There are sound grounds for that, and, moreover, the concept of national security, adopted in 2012, in the section of the national interests, has clearly pointed to a number of problems of external migration to the security of the state and to the very existence as a sovereign state.
Without falling into excessive degree of securitization of migration, in my opinion, however, it should be noted that there are a number of problem areas that deserve the most attention in terms of risks to national security. Without intervention and action by the government, these threats and risks may eventually undermine the state itself and society.
The main risks and threats to security in Kyrgyzstan as a country sending migrants.
One of the main issues is the economic security.
Migration has an impact on the economy of any country, sending or receiving migrants. To date, the economic impact of labor migration from Kyrgyzstan to the national economy is perceived mainly positively. According to various estimates, the contribution of migrants through their remittances in the economy is 30 to 50% of GDP.
These figures often conceal the problem of long-term exposure to the economic security of the country. Labor migration of highly skilled professionals, in other words, the “brain drain” in the long run, of course, can cause considerable damage to the economy. Affecting the quality of human capital, such migration has a negative impact on the competitiveness of the economy, especially taking into account that many professions are simply not replaced due to deterioration and degradation of the educational system as a whole or its specific part.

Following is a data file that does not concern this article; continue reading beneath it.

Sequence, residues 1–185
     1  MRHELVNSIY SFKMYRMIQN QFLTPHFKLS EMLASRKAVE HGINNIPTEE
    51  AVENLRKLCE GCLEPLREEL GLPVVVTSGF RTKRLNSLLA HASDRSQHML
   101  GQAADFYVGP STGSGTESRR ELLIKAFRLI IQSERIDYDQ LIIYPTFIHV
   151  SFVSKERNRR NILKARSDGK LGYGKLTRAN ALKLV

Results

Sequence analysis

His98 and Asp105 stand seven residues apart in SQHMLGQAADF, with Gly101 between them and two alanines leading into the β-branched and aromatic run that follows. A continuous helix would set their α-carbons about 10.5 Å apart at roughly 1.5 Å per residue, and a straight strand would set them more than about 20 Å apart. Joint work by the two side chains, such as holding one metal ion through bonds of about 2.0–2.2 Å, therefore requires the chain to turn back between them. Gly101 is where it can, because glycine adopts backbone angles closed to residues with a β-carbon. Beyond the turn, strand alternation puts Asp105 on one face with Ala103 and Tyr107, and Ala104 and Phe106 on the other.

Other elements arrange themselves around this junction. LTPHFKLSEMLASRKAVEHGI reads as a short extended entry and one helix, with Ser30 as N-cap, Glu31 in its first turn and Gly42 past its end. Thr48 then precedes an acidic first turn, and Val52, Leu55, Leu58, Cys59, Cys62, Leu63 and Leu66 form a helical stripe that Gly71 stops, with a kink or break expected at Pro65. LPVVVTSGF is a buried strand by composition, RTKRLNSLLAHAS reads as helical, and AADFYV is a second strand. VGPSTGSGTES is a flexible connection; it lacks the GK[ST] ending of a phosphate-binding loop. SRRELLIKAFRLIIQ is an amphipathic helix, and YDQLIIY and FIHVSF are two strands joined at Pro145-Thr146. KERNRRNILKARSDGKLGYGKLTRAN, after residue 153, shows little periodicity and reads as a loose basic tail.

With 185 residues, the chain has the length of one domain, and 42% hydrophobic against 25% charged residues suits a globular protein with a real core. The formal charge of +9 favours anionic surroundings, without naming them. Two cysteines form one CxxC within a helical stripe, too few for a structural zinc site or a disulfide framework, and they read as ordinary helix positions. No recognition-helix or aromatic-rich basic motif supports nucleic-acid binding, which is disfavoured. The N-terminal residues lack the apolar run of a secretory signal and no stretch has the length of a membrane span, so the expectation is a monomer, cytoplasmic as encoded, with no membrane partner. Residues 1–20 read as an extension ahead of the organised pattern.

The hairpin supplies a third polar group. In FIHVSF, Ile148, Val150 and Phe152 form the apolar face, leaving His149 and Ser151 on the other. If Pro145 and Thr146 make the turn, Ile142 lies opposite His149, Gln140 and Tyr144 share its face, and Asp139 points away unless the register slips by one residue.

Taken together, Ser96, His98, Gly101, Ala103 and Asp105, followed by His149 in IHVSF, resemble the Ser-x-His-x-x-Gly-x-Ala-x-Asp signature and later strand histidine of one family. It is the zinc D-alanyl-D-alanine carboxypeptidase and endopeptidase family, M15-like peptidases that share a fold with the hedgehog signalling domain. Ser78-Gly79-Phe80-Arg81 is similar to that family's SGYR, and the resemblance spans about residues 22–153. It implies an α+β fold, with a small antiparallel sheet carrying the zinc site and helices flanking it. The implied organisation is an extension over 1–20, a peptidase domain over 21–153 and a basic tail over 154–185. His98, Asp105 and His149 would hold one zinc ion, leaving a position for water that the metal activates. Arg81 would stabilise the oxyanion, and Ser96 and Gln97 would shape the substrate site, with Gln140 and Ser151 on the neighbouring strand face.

It is no secret, for example, in the health sector in Kyrgyzstan, there are not enough specialists in many areas. For example in many clinics, there are no rheumatologists, neurologists, physicians, urologists, cardiologists and others. Similar examples can be found in other sectors of employment. If migration is not reduced in volume for many years, and the country continues to lose specialists in certain areas, sooner or later the cumulative effect of such migration will manifest itself in the fact that there will be not only a serious imbalance in the labor market, but also it would undermine the basis for ethno-cultural and, in a broader sense, for social reproduction of the local population. The local security systems will be loosened. This has implications for national security.
In the case of Kyrgyzstan, during the past two decades, a significant number of qualified personnel have left the country, and according to expert sources, the vast majority of these migrants did not return to their homeland. The first wave of migration that followed immediately after the collapse of the Soviet Union brought serious losses in the form of brain drain. But in the following years, the cumulative effects of such migration were quite noticeable.
If we take into account the integration trends in the Eurasian region, it is likely that the migration of skilled workers from Kyrgyzstan may increase, because the difference between the opportunities for decent paid work in Kyrgyzstan and in Russia will have a kind of “ejecting effect.”
In turn, experts and policy makers in Russia more often speak about the promotion of skilled and intellectual migration to Russia while restricting the of untrained workforce. This is understandable and justified from the point of view of national interests of Russia, which is interested in the modernization of its economy and improving economic competitiveness in the global arena. It is clear that in this case, the interests of the host country (Russia) and the sending country (Kyrgyzstan) are not similar, they rather contradict each other.